Opinion: American veg: pizza

POSTED: 11/22/11 7:11 AM

Some people are smarter than others and we’re the first to acknowledge that as a fact. Some people are also weirder than others and while we do not have statistical data to support this claim, we do have a rather unique example of weirdness. It’s not about the French this time, about the hapless Greeks or about people in Friesland. It’s about Americans, and the members of Congress in particular.
Last week, congress decided to classify pizza as a vegetable. This way, pizzas find themselves on a par with stuff like carrots, broccoli and cauliflower, just to name a few examples.
Why did congress do this? The argument for classifying pizza as a vegetable is that there is a lot of tomato sauce on it. That would make pizza an excellent staple diet for school cafeterias. Critics of this decision mumble that the food industry-lobbyists have been at work here, and we suspect that they are right.
You see, the thing is that schools receive subsidies for the lunches they serve in their cafeterias on the condition that they contain a certain amount of vegetables. We once saw the results of a project in a school in Park city, Utah, where teachers asked children to poll family and friends about their most and least favorite food for Thanksgiving. Not surprisingly, the turkey won hands down, and vegetables were at the bottom of the list.
The American Ministry of Agriculture published last week its budget and that included rules for school lunches. The Obama administration wants school kids to have healthier lunches; that means less potatoes, less salt and more vegetables.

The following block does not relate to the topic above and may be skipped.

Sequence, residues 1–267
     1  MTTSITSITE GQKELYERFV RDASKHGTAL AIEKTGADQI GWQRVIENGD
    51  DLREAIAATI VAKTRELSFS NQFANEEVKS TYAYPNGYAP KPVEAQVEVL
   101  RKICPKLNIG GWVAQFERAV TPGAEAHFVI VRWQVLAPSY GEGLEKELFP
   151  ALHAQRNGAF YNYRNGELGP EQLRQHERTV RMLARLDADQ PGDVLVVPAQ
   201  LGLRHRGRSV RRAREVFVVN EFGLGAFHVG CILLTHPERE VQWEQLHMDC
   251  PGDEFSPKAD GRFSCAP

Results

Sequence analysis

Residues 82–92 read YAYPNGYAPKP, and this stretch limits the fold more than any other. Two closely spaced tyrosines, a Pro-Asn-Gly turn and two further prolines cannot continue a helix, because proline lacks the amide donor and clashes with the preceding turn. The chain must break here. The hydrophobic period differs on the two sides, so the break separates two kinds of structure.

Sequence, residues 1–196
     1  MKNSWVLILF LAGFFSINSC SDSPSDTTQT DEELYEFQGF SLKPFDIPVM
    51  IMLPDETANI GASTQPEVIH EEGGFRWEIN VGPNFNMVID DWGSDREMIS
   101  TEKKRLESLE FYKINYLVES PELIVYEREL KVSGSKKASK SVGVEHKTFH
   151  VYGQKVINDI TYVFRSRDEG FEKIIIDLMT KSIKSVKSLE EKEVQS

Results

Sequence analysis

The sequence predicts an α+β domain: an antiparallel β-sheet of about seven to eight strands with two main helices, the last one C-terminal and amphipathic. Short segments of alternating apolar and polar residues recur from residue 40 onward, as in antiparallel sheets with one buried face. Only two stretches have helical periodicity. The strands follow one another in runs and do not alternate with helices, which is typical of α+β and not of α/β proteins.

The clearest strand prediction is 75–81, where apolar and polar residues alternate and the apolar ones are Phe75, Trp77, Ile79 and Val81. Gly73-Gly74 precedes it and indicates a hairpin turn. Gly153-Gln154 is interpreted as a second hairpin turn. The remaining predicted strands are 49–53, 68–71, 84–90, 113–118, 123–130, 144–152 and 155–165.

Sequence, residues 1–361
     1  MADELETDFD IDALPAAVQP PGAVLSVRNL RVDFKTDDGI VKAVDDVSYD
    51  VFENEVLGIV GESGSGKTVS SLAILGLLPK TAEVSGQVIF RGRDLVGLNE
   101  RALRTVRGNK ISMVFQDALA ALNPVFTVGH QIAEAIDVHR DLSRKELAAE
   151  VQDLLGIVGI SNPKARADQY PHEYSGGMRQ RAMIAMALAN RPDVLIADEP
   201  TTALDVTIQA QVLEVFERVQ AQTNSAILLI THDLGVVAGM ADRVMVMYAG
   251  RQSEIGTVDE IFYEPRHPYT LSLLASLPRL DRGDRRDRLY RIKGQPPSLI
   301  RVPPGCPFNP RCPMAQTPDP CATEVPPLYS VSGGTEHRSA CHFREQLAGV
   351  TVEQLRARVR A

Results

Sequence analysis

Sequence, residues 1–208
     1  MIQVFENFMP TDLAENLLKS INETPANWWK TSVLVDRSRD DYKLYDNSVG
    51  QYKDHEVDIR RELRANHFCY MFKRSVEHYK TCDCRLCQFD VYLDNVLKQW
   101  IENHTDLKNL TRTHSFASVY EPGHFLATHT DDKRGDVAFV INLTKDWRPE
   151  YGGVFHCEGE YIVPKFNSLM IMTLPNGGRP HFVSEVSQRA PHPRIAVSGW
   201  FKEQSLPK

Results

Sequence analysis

The school lunch regulation even states that the tomato sauce on a pizza qualified as a vegetable, but that it had to be at least half a cup – and there is not that much tomato sauce on a pizza slice.
These new standards for cafeteria lunches would hit potato famers and pizza producers between the eyes; their markets would shrink considerably. Vegetable growers stand to gain by the legislation, but their lobby was less strong that that of the potato growers and the pizza producers. The congress decided that French fries (you never hear anybody speak about freedom fries anymore) and pizza must remain on the menu. That’s cheaper and besides, congrewss said, it is not up to the govdernment to tell kids what they ought to eat.
Food experts point out that the lobby brings basck memoties of the reasgan administration. Thirty years ago there was already an attempt to classify tomato ketchup as a vegetable.
It would be interesting to see how many members of the american congress are actually obese. Worldwide obesity is a growing problem and the americans are no stranger to this phenomenon. But when the a;lmighty dollar is at stake, school kids should not count on a caring attitude from their government.

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